Beryl Rawson, Children and Childhood in Roman Italy (Oxford, 2003).

Rawson's Thesis (all statements in quotation marks are taken from the book's introduction):

1. “That children were, in principle and often in practice, welcome and valued and visible in Roman society is the main argument of this book.”

2. “Moreover, there are distinctively Roman concepts and treatment of children which can be identified.”

3. There is evidence that supports the notion of change and development over time, particularly in the second century CE, when one can find more expressions of family sentiment and greater visibility of children.

Representative Images (from the VRoma Image Archive, not shown in any particular order):

Detail of relief on front of large family tomb monument from Neumagen depicting husband and wife clasping right hands over head of young son (Roman, 3rd century CE) Relief from Neumagen depicting a teacher and pupils (Roman, end 2nd century CE)

Wall painting from Pompeii: woman with scroll and child reading (Roman, 1st century CE)

Gilt bronze mirror cover with representation of spanking in schoolroom, using Dionysiac symbolism (Silenus, maenad, Cupids) (Roman, 1st century CE, probably from Asia Minor)

Funerary altar for young boy (Roman, c. 50-70 CE)
“To the departed spirits of Anthus; his father, Lucius Julius Gamus [set this up] for his very sweet son.”
Funerary relief of mother and son (Roman, c. 110-20 CE)
“Petronia Hedone set this up for herself, for her son Lucius Petronius Philemon, and for her freedmen and freedwomen and their descendants.”

Terracotta image of swaddled infant with bulla Bust of little girl (Roman, late 2nd century CE)
Roman mosaic of boy slave in kitchen scene, with figs, fish, etc. [example of a “pet” slave (deliciae)?] Bust of a young boy (Roman, c. 50 CE)

Silver bracelet with child's portrait (Roman) Gold children's rings carved with a phallus for good luck (Roman, 1st-3rd century CE

Toy chariot horses for biga (chariot missing); made of lead (Roman, from Smyrna; 1st century CE )
Jointed ivory doll (Roman, end 1st - beginning 2nd century CE)
Doll is anatomically correct, wears a gold necklace, bracelets, and anklets, and has a face and hairstyle imitating that of the empress Julia Domna [proves that Mattell did not invent Barbie!]
Toy camel carrying pack; made of lead (Roman, said to be from Egypt; 1st century CE)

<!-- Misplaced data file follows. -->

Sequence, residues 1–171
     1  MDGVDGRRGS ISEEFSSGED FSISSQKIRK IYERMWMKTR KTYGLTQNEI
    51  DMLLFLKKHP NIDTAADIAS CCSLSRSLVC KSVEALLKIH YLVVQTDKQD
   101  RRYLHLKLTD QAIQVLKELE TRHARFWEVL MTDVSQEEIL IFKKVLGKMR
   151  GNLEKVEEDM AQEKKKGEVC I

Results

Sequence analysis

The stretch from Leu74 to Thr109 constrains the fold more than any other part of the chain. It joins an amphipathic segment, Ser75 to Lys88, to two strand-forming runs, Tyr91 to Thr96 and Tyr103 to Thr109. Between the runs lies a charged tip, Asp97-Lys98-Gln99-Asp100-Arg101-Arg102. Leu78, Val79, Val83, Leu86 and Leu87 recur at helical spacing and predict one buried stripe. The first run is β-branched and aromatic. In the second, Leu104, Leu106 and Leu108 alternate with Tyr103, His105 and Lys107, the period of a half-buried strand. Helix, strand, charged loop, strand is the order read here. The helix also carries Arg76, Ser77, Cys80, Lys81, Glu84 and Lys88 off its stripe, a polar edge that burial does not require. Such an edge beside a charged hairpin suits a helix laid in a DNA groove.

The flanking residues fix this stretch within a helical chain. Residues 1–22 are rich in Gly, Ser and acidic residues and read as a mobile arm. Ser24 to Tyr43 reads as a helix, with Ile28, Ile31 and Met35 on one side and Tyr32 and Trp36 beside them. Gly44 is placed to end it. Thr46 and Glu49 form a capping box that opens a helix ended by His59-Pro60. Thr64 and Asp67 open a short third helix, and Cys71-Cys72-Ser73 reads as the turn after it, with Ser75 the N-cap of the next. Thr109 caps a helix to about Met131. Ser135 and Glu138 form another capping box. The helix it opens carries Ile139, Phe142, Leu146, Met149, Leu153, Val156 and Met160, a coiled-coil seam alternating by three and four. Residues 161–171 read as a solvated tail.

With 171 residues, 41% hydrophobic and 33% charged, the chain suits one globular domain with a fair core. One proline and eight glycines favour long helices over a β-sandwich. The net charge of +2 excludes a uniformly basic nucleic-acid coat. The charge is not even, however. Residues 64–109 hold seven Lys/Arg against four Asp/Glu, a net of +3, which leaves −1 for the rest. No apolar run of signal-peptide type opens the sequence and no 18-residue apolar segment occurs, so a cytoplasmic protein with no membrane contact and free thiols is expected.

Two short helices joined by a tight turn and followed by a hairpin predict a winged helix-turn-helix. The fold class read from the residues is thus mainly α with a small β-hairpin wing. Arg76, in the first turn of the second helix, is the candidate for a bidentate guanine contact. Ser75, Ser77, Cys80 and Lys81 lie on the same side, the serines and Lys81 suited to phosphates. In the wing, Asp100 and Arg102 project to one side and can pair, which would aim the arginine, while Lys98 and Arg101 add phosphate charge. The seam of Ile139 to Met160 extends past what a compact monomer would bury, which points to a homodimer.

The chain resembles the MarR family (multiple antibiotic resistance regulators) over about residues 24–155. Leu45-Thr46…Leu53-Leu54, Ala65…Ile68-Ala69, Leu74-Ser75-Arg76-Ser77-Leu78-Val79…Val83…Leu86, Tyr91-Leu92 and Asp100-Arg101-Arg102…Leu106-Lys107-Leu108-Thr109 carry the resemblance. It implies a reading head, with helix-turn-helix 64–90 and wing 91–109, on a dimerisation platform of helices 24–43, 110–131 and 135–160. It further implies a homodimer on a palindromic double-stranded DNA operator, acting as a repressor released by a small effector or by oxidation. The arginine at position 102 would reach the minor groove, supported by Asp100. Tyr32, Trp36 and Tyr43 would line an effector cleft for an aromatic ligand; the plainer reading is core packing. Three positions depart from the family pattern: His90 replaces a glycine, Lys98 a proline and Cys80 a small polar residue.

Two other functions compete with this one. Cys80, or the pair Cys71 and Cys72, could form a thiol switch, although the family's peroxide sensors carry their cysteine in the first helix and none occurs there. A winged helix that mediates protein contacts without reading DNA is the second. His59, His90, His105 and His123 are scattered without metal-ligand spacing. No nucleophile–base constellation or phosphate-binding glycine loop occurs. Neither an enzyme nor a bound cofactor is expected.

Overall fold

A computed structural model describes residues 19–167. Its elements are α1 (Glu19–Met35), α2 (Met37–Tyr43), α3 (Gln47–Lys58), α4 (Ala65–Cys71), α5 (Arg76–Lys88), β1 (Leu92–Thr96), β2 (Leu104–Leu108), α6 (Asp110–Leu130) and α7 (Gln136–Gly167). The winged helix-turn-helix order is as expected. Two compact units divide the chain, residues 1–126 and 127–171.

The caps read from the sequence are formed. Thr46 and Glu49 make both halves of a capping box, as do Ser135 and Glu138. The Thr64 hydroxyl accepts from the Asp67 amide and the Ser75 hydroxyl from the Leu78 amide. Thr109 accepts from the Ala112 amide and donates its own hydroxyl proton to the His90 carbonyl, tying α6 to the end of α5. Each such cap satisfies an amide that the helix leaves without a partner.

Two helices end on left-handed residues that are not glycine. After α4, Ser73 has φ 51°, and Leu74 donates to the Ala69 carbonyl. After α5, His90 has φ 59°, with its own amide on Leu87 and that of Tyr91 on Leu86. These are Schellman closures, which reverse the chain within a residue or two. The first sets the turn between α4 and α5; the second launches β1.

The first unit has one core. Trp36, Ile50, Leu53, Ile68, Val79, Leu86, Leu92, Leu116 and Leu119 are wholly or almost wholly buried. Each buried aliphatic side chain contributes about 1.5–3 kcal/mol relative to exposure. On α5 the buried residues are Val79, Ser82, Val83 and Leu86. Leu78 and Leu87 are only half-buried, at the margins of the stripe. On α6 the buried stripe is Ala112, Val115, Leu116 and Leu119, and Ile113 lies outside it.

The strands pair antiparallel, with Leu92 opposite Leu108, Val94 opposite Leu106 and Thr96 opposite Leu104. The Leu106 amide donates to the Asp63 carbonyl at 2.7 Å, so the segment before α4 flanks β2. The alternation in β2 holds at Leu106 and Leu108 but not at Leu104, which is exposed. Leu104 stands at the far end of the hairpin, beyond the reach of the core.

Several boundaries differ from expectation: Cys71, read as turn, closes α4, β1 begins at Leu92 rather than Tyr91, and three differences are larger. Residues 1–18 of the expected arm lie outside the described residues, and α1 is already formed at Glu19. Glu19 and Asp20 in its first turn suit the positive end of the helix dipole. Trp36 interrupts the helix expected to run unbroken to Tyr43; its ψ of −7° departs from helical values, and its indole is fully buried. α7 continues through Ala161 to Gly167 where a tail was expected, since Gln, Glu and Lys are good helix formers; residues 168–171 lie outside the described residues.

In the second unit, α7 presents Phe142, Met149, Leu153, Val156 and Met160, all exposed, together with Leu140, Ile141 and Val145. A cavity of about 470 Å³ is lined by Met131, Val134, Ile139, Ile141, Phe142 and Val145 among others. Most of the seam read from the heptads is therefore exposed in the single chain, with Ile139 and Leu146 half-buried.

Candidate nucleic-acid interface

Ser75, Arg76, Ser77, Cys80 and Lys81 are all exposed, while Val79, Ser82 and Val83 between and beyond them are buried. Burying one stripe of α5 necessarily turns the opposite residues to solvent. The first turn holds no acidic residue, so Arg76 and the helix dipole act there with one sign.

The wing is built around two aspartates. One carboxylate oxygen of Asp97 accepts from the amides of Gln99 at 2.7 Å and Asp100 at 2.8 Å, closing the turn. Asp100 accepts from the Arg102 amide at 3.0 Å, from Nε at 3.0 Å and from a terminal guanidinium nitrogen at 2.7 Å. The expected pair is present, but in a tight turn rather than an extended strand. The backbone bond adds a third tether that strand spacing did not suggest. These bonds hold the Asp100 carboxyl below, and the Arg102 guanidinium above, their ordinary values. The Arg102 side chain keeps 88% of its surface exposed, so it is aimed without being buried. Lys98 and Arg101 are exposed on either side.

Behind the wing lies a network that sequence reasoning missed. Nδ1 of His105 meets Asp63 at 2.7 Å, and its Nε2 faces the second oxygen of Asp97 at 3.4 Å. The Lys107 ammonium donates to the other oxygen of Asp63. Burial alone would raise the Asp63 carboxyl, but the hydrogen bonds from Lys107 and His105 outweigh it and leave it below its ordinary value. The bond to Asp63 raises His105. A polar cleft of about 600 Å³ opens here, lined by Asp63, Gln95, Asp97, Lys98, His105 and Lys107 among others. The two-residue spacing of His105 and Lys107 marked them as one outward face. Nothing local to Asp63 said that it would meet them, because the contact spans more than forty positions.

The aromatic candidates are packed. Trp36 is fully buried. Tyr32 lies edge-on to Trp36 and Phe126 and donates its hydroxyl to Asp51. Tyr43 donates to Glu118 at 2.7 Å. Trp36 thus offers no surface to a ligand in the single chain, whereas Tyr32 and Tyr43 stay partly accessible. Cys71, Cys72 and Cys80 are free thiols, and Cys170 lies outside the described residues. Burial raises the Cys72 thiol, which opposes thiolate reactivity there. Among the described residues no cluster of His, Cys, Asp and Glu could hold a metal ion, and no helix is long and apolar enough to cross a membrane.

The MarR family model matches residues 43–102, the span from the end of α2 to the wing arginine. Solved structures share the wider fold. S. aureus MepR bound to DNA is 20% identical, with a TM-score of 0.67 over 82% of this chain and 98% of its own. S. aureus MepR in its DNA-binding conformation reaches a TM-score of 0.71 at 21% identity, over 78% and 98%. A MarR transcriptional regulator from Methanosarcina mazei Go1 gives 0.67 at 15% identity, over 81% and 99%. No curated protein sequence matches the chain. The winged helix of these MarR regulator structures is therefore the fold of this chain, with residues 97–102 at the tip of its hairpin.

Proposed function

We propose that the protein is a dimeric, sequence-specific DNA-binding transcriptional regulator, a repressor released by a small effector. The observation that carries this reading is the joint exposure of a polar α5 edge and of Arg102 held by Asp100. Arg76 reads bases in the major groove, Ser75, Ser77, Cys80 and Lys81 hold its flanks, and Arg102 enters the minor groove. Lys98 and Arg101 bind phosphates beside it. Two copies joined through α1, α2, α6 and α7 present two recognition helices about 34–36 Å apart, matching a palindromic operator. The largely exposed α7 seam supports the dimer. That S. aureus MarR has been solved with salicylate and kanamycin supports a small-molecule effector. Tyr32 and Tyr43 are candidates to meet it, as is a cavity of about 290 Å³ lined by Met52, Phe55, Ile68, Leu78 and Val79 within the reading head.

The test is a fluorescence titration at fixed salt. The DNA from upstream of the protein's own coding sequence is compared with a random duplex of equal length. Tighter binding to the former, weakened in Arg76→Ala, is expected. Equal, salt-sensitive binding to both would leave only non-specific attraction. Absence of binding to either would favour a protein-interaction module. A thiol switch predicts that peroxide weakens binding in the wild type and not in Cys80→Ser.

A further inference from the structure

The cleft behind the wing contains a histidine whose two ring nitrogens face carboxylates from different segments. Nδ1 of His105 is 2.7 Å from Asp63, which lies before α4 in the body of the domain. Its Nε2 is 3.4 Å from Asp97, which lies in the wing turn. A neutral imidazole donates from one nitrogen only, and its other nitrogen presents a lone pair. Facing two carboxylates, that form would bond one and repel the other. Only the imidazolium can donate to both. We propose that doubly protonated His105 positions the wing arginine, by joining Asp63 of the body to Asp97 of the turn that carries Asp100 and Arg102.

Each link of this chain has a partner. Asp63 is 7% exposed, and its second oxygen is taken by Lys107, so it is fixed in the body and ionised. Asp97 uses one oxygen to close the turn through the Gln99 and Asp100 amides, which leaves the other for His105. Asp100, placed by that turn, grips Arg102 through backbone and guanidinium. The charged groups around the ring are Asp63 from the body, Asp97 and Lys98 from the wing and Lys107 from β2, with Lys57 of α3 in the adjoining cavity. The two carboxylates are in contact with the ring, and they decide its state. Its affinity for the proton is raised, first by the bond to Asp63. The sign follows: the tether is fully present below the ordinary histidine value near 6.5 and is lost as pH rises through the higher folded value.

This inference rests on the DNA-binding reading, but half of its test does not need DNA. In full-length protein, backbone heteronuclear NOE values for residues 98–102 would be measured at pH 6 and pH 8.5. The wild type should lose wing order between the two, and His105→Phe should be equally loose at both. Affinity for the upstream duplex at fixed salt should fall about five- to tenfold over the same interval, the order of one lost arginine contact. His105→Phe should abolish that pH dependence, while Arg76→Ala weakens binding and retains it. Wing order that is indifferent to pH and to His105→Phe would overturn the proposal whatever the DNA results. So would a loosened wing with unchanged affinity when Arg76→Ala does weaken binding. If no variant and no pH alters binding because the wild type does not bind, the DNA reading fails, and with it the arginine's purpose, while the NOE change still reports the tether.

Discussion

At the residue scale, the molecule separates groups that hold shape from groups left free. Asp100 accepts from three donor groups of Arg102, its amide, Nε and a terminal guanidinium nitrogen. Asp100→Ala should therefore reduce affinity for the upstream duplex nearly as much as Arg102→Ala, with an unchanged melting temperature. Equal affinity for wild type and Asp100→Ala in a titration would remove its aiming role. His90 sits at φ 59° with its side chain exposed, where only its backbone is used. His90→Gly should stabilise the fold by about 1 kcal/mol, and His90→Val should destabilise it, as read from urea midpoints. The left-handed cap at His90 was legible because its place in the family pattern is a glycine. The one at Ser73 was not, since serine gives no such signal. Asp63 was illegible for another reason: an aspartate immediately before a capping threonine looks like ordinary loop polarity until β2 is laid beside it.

Sarcophagus of M. Cornelius Statius depicting stages in a boy's life (Roman, 2nd century CE)
Mother nurses infant while father looks on; father holds infant; youth rides in chariot drawn by goat; youth recites lesson before tutor.

Sarcophagus of a young child, showing boys playing with nuts (275-300 CE)
“To the spirits of the departed and to Lucius Aemilius Daphnus of the Pomptine [voting tribe]. He lived 4 years and 6 days. Julia Daphne [had this made] for her dearest son.”

Roman wall painting depicting children's game: Cupids playing hide & seek Bronze coin of Domitian (88 CE), commemorating his celebration of the Secular Games, depicts the emperor with a choral procession of boys and girls in honor of the gods Apollo and Diana.

Gold coin of Augustus depicting the emperor seated on his chair of office receiving a symbolic child from a citizen (c. 8 BCE) Detail of procession on the south side of Augustus's Altar of Peace (Ara Pacis) depicting several children from the imperial family (9 BCE)

Silver coin of Augustus (13 BCE) depicting his daughter Julia flanked by her two sons Gaius and Lucius; there is a laurel wreath directly above Julia's head. Gold coin of Augustus (2 BCE) depicting his adopted sons (actually grandsons) Gaius and Lucius Caesar, shown with honorific shields and spears. The inscription identifies them as “sons of Augustus, consuls designate, and leaders of youth (principes iuventutis).”

Molded glass medallion of Germanicus (c. 20-40 CE), brother of Claudius and husband of Agrippina the Elder. Germanicus is shown surrounded by the heads of three of his six children portrayed as infants. Bronze coin of Tiberius for his son Drusus (c. 22 CE). Two crossed cornucopiae display the heads of Drusus' sons Tiberius Gemellus and Germanicus, with a winged caduceus between them.
Barbara F. McManus
for the Family History Discussion Group in New York City